Gizmodo editor reunited with seized goods
Search warrant withdrawn in purloined iPhone prototype saga
Gizmodo editor Jason Chen will get his stuff back. The San Mateo, California, district attorney petitioned for and was granted a withdrawal of the search warrant that his office used to seize a trove of materials from Chen's home in the purloined–iPhone 4 prototype investigation.
"All items seized shall be returned forthwith to Gizmodo.com and Jason Chen" orders the order, which was brought to our attention by a report from the Electronic Frontier Foundation, which also obtained a copy (pdf) of the court document.
The materials — which include computers, hard drives, mobile phones, and more — were taken from Chen's home by the police in one of the more dramatic scenes in the still-ongoing Gizmodophone opera buffa that began when luckless Apple engineer Gray Powell left his iPhone 4 prototype in a Silicon Valley bierstube.
That moment of carelessness began a multi-character drama starring Powell, Chen, Steve Jobs, and thief, lucky-ducky, opportunist, extortionist and/or heartless bastard Brian Hogan — take your pick from that last string of descriptors, depending upon your opinion of the entire affair.
The EFF made its own point of view clear in its report of the search warrant's withdrawal: "As EFF repeatedly noted at the time, the warrant-backed search of Chen's home was illegal as it violated California Penal Code section 1524(g)'s prohibition against the issuance of warrants for 'unpublished information obtained or prepared in gathering, receiving or processing of information for communication to the public'."
The EFF goes on to note, however, that the order to give Chen back his equipment doesn't put the matter to bed: "As we pointed out, the police could (for example) attempt to subpoena the same material without running afoul of section 1524(g) and still proceed with their case."
As sagacious backstop Yogi Berra explained: "It ain't over till it's over." ®
Jason should sue the snot out of San Mateo County for illegal search and siezure.
And the DA and Steve Jobs should be up on influence peddling charges by the state.
There ARE laws around here. Or were, maybe ... Perhaps "he who has the gold makes the rules" is becoming more and more true. Couple that with Jobs' reality distortion field ... ::sighs::
No. Not theft.
If you find a piece of haberdashery in a bar after the owner has left said bar, a gentleman would hand it over the the bar's lost+found. A cad would say "I'm 'aving that!" ... and that would be the end of the matter ... at least until the prior owner of said piece of haberdashery ran into said cad sporting the bit of kit and promptly punched him on the nose & retrieved it.
It's the same thing as finding change on the street. Or even large quantities of cash. The assumption of the law is that the old owner doesn't care enough about it to keep track of it, so the finder can keep it. I found an unmarked envelope on the street containing two $1,000 bills and 14 $100 bills when I was 7 years old (mid 1960s). My folks turned it into the Palo Alto Police department ... after a period of time (6 weeks, I think, could have been more or less), the cops called & allowed as to how I was a "rich" 7 year old ... The desk sergeant told my dad that next time, just keep it ... save everybody time & trouble.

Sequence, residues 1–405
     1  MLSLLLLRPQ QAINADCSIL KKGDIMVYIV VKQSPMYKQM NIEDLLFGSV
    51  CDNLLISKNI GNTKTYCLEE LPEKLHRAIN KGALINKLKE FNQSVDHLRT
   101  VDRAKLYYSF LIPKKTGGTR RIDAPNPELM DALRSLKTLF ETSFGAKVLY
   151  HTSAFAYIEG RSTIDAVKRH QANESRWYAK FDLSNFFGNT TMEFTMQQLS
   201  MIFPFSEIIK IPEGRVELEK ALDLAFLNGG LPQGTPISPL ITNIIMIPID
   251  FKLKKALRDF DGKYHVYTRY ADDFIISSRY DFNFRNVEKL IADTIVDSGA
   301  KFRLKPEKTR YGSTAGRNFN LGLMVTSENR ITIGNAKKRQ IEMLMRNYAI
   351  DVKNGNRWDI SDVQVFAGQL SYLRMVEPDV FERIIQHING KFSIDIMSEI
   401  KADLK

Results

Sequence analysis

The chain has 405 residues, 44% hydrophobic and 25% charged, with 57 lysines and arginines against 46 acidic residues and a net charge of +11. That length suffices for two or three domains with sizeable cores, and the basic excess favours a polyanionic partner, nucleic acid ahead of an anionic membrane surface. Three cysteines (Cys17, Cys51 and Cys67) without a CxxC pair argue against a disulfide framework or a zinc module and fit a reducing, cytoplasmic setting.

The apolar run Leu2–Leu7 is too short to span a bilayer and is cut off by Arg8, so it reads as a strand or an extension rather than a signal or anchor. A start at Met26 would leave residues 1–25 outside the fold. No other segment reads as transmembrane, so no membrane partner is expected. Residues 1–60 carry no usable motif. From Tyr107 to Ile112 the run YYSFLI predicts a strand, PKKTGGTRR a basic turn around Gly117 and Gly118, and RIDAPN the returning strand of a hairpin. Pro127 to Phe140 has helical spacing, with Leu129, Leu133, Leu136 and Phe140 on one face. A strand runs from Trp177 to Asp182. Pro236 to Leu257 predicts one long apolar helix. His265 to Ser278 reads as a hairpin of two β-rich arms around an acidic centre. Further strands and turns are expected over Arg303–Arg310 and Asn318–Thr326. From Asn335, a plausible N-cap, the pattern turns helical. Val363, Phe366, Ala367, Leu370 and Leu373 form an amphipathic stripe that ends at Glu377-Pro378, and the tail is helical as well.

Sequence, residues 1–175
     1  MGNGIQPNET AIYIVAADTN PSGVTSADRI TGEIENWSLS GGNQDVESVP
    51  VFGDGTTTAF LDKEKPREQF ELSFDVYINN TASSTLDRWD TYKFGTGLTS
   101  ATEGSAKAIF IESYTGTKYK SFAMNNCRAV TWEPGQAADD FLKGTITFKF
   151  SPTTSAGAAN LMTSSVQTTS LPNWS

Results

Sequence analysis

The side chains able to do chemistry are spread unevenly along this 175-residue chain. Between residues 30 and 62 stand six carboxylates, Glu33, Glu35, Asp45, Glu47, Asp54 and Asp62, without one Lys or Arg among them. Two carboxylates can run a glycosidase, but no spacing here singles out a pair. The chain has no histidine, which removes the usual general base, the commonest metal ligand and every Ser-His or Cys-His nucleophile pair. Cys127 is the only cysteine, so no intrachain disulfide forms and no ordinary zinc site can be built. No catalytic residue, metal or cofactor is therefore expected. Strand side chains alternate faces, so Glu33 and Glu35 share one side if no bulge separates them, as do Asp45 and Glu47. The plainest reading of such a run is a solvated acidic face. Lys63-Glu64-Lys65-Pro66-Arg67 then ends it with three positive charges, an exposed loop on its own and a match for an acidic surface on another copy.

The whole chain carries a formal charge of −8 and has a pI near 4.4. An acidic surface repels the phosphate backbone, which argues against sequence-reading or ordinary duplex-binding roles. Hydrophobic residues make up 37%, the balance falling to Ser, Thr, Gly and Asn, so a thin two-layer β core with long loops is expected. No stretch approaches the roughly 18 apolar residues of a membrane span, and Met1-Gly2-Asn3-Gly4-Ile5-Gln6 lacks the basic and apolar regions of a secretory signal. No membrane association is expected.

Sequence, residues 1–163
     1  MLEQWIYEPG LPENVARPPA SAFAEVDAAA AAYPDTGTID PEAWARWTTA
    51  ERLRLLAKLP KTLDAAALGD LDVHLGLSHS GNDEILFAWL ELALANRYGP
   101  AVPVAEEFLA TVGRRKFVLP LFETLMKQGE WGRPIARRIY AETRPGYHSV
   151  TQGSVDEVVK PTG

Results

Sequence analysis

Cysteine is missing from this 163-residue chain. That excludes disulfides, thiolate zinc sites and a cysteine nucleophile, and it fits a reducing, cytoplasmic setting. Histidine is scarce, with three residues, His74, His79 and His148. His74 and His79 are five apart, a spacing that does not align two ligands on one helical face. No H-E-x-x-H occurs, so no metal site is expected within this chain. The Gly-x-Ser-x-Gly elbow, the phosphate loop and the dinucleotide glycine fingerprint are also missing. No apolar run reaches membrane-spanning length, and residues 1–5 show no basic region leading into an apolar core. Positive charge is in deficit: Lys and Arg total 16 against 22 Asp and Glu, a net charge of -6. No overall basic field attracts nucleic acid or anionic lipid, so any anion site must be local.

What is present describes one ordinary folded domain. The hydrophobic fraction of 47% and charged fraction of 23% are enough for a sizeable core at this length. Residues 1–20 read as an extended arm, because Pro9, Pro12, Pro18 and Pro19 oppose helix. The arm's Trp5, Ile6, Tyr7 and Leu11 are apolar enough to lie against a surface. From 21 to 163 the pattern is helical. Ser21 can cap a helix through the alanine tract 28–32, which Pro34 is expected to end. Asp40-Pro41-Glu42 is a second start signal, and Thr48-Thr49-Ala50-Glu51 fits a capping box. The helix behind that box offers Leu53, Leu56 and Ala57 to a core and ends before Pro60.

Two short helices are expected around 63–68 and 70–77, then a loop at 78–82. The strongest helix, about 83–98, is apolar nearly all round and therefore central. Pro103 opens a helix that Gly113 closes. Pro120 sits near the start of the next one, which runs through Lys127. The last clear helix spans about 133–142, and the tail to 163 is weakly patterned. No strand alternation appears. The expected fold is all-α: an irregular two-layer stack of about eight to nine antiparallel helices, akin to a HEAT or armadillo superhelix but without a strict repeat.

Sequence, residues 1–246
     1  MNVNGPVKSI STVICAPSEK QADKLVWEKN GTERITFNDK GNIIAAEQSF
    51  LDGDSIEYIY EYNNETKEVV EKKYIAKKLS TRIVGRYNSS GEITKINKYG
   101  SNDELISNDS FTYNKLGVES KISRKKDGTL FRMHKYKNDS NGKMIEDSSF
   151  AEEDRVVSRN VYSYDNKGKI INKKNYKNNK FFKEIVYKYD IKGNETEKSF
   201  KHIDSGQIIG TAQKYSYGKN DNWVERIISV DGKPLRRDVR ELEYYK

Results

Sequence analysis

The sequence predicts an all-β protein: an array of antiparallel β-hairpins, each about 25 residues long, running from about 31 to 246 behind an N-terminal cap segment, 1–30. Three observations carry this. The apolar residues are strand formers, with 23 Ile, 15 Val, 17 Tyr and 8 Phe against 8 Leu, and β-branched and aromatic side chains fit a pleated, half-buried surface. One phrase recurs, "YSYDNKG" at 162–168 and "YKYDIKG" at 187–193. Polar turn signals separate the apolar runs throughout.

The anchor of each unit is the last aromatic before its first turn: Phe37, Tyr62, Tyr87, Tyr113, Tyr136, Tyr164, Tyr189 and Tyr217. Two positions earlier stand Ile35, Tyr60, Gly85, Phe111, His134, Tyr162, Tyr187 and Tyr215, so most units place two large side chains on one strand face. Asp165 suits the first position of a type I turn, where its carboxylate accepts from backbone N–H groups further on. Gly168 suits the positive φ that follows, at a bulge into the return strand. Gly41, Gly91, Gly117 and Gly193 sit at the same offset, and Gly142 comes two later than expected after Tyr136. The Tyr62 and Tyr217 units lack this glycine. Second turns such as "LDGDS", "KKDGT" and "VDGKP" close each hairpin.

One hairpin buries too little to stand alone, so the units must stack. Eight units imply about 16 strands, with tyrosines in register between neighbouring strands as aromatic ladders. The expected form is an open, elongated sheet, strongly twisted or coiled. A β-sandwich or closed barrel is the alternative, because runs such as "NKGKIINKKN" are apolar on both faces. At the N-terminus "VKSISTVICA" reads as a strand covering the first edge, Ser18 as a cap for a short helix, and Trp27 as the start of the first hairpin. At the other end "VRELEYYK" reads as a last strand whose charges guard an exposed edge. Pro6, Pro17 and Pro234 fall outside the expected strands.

And don't forget that Jason *TRIED* to return the item to Apple. Apple refused.
 Lets face it, all iThingies are haberdashery first, tools second. And even then, if I find a screwdriver, wrench(spanner) or hammer in the street, if it's in good nick I'm going to take it home and put it to use.
I hope that "it ain't over" yet...
I found this to be a very disturbing story. That Apple can use government law enforcement agencies as an extension of its own internal security department is very worrisome. I would hope that Chan, and Gizmodo, will initiate lawsuits, which will in turn make clear the chain of events that lead to the seizures. And that the culpable parties will receive appropriately harsh sanctions, even if the culpable parties include Apple. I would also hope that Federal authorities will also be interested in investigating this clear and obvious perversion of law enforcement power that was committed at Apple's behest against Chen and Gizmodo.
I don't know if any of you ever got items back after them being seized but from what i've read usually the items are never returned to you in the same condition.
It would be like having your home searched for no reason, to me i'd be looking to sale the house.
This guy had his rights violated, this was a phone for god sakes not a nuclear bomb they were after.
For them to do all of this just goes to show who runs this country, the corporations.
At the end of the day, it all makes apple look bad and hopefully both apple and the police will be violated just like this person was.
Not stolen property
To all those above going on about the iPhone in question being stolen property, no it isn't. It's *lost* property, which was (intentionally or accidentally) abandoned by it's owner in a public place and subsequently picked up by the finder. While we may hold that there is a *moral* obligation for a finder of lost property to return it to the police or owner, there is no *legal* obligation to do so. If I find someone's dropped wallet in the street, it's up to me whether I do the "right" thing and give it back, or put any cash in it into my own pocket and dump the rest in a bin, or even sell it to someone who can then choose to return or rape it. For my part, I'd hand it back because I'm that sort of person, but I'm not legally required to do so.
So Chen is by no means guilty of buying "stolen" property, he bought "lost" property, which is a completely different game.